We recently had the opportunity to go. The US Consulate is situated there and we needed to do some paperwork to prove she exists and document that she’s an American citizen. The International Office at Universiti Sains Malaysia graciously supplied us with a minivan for the weekend. Of course, we don’t drive here, so Firdaus, a USM driver, escorted us the whole way.
I hadn’t really thought about it, but this was my first venture out of the state of Penang. I was quite surprised by the scenery. I guess I had this image in my mind that most of Peninsular Malaysia would be flat. I’m from Florida. Florida is a subtropical peninsula, and it’s really flat. But Malaysia is not! Up and down, over hilly terrain, we drove for about four hours. I was also startled by the local land use. It’s one thing to read about the damage of oil palm plantations in SE Asia. (You haven’t heard about oil palms? Read here about the tremendous damage they do, and start reading the label on your peanut butter jar.) But the scale of the palm plantations was incredible. It reminded me of the cornfields in Minnesota–a single monoculture for as far as the eye could see. It was perhaps a bit more surreal because the rows of palms snaked up and down, over the hillocks and valleys.
We checked into our hotel in mid-afternoon and had no appointments for the rest if the day. I had heard that there was a tremendous playground in the park at KLCC (Kuala Lumpur City Center.). Indeed there is.
It is literally the largest playground I’ve ever seen in my life. There were at least two dozen play structures, spread out in all directions. It was just the thing for little leg legs that had been cooped up for a long car ride. Adults, however, were NOT permitted on the playground equipment. This was enforced by a lady with a whistle, who would whistle vigorously at any adult who dared climb a ladder or, heaven forbid, sit on a swing. She never spoke a word, but would just whistle repeatedly and walk towards the offending adult, eventually coming face-to-face if they hadn’t yet caught the hint. She was remarkably well suited for her job.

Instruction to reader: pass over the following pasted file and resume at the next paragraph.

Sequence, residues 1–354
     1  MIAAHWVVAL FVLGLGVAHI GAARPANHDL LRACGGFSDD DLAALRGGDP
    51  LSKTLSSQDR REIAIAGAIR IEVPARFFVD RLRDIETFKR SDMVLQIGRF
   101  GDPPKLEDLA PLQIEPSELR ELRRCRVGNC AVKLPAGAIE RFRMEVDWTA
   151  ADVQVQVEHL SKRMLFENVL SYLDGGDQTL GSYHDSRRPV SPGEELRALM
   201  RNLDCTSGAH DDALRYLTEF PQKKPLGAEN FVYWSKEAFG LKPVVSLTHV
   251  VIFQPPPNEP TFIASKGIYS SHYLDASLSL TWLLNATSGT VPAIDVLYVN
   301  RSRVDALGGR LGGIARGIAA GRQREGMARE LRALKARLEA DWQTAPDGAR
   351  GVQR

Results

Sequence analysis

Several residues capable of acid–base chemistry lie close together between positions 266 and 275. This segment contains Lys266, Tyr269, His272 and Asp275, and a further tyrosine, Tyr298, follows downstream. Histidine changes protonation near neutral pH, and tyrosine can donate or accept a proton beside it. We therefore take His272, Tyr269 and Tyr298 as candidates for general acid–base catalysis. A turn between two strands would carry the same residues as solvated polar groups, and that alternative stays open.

There was also a public pool at the park, and Simon was thrilled to swim for a bit. It was actually just a shallow splash zone–which is good-because no adults allowed in the pool, either. Simon paddled away until thunderstorms broke out. Then we found a quick bite to eat in a food court (including milkshakes!) and headed back to our hotel. The next day was spent in administrative monotony. More on that later, where I’ll write about the process of getting a Malaysian-born baby an American passport. We never saw another tourist site in KL–no museums, no architecture, no historic buildings. Sometimes with kids in tow, you just spend your free time doing what they want, and everyone is happier for it.
We came back to mainland a day before the Gusties, who were still camping at Mak Kepit on the west side of Pulau Redang. We needed accommodations and since this happened to be the national Labor Day holiday weekend, lots of places were booked. I finally found a homestay near Merang, which seemed to be reasonably near the jetty where we were to meet up with the students the next day.